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Free for All Launch Interview

By Michael Bitton on January 26, 2011 | Interviews | Comments

Free for All Launch Interview

Champions Online went free-to-play today, how is the re-launch going so far and what has user reaction been like?

Shannon Posniewski:

It’s only been going for a few hours now, but it’s going well, we switched over the servers, there were a couple of hiccups there with our network configurations, but as soon as we fixed that everything’s been running really well. We have a lot of people who are currently playing, the number is easily already many times the number of people we’d normally have playing this time of day and so it’s going really great.

Players seem pretty interested in it. We’re getting a mix of people who have previously subscribed and have come back to see what it’s like and also people who are saying, “Hey! It’s free, I’m going to give it a shot.” But it’s still a bit early for much feedback.


Can you give us a break down of how the new arrangement works? What will free players have access to?

Shannon Posniewski:

So the difference between free players and subscribers, what we call Silver players and Gold members is that Gold members have access to all of the powers and they can choose them any way they want. They can choose whatever powers they want more or less in whatever order they want. Whereas a non-subscriber, a Silver player, they need to choose an archetype, which is sort of like a class from other games, where the general progression is set for them in advance. There’s other things they can choose, they get a couple power choices in there, and the also get a choice of travel power, also what we call Advantages, which are, basically, take a power and you add special things to it, and you get to choose sort what those special things are, those are called Advantages. They get to choose all that stuff, they just don’t get the free-form ability to create any hero they want, instead they have to stick to an archetype.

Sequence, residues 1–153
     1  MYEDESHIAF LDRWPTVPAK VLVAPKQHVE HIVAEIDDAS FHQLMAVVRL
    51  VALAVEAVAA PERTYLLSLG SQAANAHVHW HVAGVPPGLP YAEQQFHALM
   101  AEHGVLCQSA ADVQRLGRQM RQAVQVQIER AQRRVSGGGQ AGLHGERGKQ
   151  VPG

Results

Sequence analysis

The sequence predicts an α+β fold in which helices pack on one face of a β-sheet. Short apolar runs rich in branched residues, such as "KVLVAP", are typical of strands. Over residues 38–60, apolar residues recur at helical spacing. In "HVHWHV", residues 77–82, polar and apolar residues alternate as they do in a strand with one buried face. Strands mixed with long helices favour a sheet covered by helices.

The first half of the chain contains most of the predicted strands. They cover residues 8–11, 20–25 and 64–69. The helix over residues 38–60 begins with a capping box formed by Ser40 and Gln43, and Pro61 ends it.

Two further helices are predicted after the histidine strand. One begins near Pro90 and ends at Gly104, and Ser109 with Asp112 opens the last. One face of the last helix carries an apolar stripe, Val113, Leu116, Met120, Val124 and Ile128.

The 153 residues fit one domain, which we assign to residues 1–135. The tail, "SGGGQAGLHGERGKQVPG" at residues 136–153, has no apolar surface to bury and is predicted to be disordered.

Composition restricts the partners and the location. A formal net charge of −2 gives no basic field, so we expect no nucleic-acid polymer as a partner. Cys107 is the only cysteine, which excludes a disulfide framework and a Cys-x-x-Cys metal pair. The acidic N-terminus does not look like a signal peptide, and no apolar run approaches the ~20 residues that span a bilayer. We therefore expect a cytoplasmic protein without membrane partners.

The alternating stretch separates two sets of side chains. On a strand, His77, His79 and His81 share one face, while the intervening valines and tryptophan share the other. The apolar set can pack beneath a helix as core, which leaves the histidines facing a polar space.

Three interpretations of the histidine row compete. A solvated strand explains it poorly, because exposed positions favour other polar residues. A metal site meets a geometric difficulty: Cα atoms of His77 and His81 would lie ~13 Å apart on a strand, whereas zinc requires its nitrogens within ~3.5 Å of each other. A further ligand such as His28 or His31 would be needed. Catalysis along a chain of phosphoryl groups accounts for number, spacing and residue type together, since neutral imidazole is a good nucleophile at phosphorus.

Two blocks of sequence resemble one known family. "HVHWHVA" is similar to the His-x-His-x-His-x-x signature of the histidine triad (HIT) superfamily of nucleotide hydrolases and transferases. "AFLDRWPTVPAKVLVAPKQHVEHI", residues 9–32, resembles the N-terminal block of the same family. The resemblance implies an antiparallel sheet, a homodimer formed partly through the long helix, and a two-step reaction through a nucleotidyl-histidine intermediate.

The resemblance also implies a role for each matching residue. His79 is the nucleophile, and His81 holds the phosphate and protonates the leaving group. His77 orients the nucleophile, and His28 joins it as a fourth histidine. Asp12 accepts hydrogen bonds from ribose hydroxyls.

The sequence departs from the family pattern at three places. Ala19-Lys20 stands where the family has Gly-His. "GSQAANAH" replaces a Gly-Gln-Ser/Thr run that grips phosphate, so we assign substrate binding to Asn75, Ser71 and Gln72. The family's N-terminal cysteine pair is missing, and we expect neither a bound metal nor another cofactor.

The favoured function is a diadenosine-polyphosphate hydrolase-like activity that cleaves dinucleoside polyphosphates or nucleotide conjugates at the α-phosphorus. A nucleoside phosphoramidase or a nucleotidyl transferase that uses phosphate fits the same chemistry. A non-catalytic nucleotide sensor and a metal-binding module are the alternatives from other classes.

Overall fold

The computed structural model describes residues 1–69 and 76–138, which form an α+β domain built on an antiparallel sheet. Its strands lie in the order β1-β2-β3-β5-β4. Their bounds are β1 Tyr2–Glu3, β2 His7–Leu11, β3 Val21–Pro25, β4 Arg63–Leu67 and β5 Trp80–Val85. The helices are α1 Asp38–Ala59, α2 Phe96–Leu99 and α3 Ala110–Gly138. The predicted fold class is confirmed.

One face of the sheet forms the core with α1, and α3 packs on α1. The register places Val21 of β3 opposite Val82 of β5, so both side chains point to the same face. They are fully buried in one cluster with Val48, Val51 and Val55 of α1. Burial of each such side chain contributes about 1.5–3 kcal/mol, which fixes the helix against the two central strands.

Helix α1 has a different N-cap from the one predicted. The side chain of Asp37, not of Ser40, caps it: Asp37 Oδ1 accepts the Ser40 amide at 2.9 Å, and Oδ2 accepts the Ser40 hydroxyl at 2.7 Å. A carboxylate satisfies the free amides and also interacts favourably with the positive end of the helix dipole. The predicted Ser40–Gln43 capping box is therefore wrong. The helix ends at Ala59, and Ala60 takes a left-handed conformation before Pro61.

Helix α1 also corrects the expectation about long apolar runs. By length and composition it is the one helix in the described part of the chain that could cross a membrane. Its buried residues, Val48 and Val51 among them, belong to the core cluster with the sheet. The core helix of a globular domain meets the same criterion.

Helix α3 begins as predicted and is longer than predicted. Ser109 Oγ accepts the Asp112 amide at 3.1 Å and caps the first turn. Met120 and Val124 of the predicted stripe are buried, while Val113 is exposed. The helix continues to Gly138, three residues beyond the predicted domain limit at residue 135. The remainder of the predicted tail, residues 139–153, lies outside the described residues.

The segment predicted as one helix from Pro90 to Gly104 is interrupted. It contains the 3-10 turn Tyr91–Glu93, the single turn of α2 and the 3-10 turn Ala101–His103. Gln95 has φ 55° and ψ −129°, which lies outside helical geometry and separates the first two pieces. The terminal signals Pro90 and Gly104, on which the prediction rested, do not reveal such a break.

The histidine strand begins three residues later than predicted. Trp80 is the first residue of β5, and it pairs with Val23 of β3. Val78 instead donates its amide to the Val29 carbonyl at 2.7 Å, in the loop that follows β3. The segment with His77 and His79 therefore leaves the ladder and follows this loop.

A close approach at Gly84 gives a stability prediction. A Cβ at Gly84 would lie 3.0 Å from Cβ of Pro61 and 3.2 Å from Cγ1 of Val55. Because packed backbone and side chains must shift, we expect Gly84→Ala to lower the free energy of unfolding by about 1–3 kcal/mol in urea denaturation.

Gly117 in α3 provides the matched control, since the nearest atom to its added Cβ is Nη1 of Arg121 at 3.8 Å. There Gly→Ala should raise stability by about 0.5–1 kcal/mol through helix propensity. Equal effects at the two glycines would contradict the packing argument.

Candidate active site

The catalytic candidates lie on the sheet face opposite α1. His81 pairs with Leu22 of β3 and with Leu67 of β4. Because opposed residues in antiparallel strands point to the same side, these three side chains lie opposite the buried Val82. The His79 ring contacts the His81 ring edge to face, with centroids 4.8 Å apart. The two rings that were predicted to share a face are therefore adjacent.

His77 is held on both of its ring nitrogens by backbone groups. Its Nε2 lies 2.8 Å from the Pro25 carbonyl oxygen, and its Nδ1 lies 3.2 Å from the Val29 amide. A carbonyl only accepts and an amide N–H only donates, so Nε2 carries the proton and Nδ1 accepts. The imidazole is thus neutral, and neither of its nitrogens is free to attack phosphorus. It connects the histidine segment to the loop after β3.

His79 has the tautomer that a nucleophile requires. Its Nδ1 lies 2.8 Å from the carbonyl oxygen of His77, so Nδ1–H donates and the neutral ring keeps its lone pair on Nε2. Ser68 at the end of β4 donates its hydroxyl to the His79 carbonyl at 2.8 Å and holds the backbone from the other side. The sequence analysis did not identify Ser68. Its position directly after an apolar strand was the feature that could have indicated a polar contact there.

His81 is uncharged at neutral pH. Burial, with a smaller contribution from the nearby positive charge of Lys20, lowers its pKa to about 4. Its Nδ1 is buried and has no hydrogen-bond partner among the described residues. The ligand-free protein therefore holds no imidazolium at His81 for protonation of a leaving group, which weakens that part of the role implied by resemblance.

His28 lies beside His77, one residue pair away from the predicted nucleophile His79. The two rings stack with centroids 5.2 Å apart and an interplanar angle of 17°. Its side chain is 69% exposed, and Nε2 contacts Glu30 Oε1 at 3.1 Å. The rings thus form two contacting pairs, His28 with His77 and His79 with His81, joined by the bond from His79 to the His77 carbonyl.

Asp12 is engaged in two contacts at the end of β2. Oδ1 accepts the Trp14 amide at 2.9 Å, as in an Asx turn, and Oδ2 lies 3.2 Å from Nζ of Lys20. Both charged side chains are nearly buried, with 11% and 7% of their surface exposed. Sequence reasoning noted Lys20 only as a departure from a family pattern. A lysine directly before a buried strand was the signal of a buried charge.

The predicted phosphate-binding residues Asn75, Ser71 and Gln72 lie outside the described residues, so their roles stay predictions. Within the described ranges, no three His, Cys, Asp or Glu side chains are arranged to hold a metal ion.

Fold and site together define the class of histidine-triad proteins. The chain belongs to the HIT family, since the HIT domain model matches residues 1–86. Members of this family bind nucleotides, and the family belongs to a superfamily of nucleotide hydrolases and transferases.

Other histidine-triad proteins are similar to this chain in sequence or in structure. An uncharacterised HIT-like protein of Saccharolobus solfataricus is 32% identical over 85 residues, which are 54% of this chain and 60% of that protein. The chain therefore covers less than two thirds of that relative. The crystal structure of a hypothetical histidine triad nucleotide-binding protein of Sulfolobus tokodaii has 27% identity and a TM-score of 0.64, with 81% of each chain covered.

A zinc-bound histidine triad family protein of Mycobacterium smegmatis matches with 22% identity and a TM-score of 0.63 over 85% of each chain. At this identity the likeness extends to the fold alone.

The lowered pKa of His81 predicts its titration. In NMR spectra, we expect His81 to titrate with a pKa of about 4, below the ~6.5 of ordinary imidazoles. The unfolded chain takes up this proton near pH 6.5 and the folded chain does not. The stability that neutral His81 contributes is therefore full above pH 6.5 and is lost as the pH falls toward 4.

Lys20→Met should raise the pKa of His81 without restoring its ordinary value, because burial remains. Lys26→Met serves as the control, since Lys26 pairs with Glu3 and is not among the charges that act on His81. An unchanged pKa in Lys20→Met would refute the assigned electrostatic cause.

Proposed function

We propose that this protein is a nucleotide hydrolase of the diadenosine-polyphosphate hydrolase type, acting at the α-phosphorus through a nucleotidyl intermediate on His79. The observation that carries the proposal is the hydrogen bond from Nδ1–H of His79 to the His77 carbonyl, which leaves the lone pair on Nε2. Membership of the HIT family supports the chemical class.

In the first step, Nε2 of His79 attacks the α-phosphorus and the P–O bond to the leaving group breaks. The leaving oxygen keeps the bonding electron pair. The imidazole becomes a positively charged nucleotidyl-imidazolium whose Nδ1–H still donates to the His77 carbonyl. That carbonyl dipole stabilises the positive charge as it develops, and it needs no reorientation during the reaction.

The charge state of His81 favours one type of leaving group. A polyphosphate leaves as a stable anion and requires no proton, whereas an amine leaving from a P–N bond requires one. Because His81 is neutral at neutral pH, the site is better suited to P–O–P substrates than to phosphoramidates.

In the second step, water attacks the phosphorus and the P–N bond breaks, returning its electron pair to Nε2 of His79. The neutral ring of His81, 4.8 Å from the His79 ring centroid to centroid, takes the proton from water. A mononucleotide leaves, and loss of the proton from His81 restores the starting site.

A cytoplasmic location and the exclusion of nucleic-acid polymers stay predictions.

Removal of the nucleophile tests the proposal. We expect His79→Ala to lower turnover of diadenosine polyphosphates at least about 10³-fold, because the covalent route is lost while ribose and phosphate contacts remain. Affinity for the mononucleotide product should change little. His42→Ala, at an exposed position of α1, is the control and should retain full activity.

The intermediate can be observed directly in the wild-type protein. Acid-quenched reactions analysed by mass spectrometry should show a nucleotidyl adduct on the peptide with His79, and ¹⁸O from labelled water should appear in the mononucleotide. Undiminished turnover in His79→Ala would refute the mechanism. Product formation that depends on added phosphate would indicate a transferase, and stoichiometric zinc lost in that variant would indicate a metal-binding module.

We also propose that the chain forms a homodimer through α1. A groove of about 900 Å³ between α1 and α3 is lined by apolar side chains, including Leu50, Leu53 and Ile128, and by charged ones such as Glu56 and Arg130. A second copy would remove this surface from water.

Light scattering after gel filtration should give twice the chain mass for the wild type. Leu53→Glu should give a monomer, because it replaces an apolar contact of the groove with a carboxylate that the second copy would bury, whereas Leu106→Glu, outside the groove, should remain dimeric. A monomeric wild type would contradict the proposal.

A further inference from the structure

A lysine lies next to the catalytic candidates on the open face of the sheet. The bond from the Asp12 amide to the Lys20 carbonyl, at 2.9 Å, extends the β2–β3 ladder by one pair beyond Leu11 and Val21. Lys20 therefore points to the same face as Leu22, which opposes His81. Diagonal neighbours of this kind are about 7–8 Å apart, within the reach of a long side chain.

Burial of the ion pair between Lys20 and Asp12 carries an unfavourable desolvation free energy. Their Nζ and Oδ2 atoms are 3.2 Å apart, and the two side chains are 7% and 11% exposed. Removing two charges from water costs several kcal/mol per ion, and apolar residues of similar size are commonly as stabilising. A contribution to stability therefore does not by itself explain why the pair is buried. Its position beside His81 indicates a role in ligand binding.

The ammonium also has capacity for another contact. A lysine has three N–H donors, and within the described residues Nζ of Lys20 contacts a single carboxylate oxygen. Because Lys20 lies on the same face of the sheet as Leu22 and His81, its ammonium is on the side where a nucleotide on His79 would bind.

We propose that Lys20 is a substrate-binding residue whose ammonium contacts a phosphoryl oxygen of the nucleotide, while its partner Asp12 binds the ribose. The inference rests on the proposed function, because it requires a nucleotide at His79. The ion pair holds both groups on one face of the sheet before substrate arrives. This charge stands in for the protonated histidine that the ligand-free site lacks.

Other than that, everything is practically shared. All the core content of the game at all levels is available to free, you can level up your character all the way to top level and probably have a, it’s not like it’s really hard or anything, it’s not like we put up road blocks or anything for Silver players, you can level up and play for free. There are no roadblocks there at all.

What went into the decision to go the hybrid free-to-play/subscription model with Champions Online? Why did you feel this set up was right for the game?

Shannon Posniewski: